To account for the fact that reference clocks for the GPS are not at infinity, I shall consider the rates of atomic clocks at rest on the earth’s geoid. These clocks move because of the earth’s spin; also, they are at varying distances from the earth’s center of mass since the earth is slightly oblate. In order to proceed one needs a model expression for the shape of this surface, and a value for the effective gravitational potential on this surface in the rotating frame.

For this calculation, I use Eq. (15View Equation) in the ECEF. For a clock at rest on earth, Eq. (15View Equation) reduces to

( 2 ′2 2 ′) − ds2 = − 1 + 2V- − ωEr--sin-πœƒ-- (cdt′)2, (17 ) c2 c2
with the potential V given by Eq. (13View Equation). This equation determines the radius ′ r of the model geoid as a function of polar angle ′ πœƒ. The numerical value of Φ0 can be determined at the equator where πœƒ′ = πβˆ•2 and r′ = a1. This gives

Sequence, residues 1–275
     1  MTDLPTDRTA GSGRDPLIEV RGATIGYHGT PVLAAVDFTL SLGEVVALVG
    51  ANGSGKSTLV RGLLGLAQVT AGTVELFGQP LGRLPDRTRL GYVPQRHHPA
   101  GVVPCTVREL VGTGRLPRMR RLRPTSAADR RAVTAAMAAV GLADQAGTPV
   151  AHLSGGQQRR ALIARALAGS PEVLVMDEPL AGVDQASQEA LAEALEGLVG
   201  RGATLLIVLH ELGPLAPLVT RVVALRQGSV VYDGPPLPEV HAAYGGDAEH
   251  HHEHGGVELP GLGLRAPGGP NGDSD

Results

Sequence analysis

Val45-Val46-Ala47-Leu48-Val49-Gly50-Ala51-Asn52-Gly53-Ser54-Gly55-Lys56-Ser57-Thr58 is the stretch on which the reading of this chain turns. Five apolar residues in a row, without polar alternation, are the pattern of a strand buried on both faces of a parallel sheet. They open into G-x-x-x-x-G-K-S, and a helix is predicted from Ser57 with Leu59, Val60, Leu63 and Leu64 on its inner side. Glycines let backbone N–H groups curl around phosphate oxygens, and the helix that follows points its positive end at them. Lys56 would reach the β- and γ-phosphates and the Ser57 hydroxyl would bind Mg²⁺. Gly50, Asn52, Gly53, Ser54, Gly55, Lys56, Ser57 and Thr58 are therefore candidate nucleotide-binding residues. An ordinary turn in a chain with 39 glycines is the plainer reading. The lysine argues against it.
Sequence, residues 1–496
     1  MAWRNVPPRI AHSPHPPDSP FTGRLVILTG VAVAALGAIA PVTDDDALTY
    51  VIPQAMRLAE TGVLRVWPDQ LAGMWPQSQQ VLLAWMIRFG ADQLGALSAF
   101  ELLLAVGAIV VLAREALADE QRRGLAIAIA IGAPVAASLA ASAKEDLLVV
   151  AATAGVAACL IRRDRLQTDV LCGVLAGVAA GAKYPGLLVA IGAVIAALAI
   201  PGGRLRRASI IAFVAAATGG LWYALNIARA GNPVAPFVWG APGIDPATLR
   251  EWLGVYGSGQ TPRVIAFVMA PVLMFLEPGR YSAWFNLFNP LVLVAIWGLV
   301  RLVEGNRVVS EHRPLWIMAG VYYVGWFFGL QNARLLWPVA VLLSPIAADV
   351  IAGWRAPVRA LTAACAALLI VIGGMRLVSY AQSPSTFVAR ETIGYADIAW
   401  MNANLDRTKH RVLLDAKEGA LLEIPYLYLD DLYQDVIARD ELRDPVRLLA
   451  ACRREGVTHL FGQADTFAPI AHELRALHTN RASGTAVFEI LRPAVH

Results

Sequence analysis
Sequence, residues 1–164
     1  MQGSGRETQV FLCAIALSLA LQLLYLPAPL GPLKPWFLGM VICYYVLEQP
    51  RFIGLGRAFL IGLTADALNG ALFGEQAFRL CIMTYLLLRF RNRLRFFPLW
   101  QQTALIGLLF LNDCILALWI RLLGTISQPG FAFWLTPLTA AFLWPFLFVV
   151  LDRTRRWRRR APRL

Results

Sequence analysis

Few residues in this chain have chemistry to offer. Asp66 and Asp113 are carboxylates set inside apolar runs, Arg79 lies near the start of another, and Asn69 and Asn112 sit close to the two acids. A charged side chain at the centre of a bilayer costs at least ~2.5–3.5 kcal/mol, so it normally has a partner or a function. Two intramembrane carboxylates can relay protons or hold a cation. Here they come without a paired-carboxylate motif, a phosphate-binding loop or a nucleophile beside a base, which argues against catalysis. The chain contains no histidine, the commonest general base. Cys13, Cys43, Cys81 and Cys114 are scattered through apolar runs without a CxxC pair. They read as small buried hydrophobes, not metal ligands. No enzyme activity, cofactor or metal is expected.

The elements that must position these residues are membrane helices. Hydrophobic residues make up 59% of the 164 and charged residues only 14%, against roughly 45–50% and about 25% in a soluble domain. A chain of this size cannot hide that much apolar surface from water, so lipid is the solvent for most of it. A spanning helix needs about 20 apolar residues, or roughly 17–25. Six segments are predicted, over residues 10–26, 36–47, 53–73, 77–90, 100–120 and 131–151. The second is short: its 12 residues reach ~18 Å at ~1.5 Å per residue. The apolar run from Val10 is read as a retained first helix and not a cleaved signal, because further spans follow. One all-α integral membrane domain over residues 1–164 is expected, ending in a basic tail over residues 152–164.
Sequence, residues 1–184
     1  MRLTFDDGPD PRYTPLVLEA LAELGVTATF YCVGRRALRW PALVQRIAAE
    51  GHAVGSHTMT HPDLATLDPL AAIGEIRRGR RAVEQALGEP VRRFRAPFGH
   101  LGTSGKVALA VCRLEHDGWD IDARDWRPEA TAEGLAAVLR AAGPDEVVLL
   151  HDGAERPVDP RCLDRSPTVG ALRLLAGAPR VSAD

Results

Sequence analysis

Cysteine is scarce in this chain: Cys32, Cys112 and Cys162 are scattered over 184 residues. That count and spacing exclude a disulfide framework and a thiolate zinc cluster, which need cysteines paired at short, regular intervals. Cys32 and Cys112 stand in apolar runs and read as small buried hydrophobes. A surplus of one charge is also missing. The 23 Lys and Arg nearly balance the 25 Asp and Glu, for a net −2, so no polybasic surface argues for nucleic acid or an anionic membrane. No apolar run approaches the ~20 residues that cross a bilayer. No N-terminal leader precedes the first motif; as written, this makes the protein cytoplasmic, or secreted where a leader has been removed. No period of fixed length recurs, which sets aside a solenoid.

Φ0- GME--- GMEJ2--- ω2Ea21 c2 = − a c2 − 2a c2 − 2c2 1 1− 10 −13 −12 = − 6.95348 × 10 − 3.764 × 10 − 1.203 × 10 = − 6.96927 × 10− 10. (18 )
There are thus three distinct contributions to this effective potential: a simple 1βˆ•r contribution due to the earth’s mass; a more complicated contribution from the quadrupole potential, and a centripetal term due to the earth’s rotation. The main contribution to the gravitational potential arises from the mass of the earth; the centripetal potential correction is about 500 times smaller, and the quadrupole correction is about 2000 times smaller. These contributions have been divided by 2 c in the above equation since the time increment on an atomic clock at rest on the geoid can be easily expressed thereby. In recent resolutions of the International Astronomical Union [1], a “Terrestrial Time” scale (TT) has been defined by adopting the value Φ0 βˆ•c2 = 6.969290134 × 10− 10. Eq. (18View Equation) agrees with this definition to within the accuracy needed for the GPS.

From Eq. (15View Equation), for clocks on the geoid,

′( Φ0-) dτ = ds βˆ•c = dt 1 + c2 . (19 )